I am leaving the topic up to you just keep it mind the course is tudor and stewart england and it has to be in the time period between 1485 and 1714.
select a topic in the history of England between 1485 and 1714, Your bibliography should have at least twenty (20) sources, ten (10) of which must be books, two (2) primary sources, and the remainder may be a combination of books, articles from reputable scholarly journals, and WEB resources. Books should be written by historians preferably, but reputable scholars in related disciplines may also be consulted. All of your selections must reflect current scholarship in the field.
RESEARCH PAPER. (7-10 pages.)The course syllabus and suggested readings provide you with themes, and background information which will enable you to think of a question(s) within the context of the course goals and objectives. Find background information on your topic also by consulting reference sources and web pages for introductions and summaries, and to find bibliographies or citations for secondary and primary sources.
The phases leading to the completion of the research paper are the following:
Selecting a Topic
The course syllabus and suggested readings provide you with themes, and background information which will enable you to think of a question(s) within the context of the course goals and objectives. Find background information on your topic also by consulting reference sources and web pages for introductions and summaries, and to find bibliographies or citations for secondary and primary sources. Please consult the research librarians. They will not do your research for you but they are invaluable resources.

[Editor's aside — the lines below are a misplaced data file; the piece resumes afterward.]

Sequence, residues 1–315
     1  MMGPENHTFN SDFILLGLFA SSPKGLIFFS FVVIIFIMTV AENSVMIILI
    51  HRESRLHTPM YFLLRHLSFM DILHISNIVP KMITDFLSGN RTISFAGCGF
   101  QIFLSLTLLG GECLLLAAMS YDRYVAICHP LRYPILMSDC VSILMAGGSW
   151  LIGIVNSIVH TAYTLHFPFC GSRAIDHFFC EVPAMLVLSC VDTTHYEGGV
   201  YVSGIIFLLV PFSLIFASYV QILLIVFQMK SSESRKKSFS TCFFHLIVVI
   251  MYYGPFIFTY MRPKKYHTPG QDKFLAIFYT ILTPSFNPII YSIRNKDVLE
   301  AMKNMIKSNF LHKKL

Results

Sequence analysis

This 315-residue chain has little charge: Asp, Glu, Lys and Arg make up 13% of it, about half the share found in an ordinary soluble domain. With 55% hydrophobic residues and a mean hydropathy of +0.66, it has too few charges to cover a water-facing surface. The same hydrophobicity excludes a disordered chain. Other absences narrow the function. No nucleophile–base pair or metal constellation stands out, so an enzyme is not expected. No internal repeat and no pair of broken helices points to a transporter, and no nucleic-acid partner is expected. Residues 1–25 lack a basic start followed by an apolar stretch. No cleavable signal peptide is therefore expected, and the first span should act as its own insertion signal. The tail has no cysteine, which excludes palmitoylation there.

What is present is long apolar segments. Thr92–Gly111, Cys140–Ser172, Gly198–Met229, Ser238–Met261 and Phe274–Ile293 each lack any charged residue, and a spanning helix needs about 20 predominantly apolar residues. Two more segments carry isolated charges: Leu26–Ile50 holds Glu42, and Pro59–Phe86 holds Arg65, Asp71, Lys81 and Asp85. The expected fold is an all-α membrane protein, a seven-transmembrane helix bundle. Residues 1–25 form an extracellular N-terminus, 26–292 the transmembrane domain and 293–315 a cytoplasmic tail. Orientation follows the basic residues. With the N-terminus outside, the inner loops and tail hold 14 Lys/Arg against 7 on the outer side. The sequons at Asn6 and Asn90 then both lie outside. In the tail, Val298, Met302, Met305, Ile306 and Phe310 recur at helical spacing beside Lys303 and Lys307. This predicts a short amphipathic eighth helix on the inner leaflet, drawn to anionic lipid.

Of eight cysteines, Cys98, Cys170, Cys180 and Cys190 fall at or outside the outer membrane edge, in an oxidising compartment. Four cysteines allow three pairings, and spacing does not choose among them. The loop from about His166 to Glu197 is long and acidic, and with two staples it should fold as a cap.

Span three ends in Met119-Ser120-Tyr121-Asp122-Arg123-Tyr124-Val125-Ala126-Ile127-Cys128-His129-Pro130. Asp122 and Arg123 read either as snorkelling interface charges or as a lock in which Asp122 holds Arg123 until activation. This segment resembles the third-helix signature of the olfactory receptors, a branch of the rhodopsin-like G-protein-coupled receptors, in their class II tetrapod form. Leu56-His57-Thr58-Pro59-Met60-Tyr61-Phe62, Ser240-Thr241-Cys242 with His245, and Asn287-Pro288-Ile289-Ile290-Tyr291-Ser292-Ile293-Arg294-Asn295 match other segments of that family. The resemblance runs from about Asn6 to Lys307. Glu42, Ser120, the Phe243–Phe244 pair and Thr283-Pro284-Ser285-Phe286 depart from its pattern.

? Pick a topic that you are interested in, intensely curious about, or know well
? Pick a topic that matches your capabilities
? Pick a topic which shows that you clearly understand the interpretive and conceptual tasks required by the specific assignment, course goals and objectives
? Pick a topic where you can demonstrate that the research you plan will be significant
? Pick a topic that can be researched in the time allowed
? Pick a topic that fits library resources – hard copy, interlibrary, and online -available to you
Know your sources
Productive research begins with a clear understanding of the three types of sources used in academic writing: primary, secondary and tertiary sources.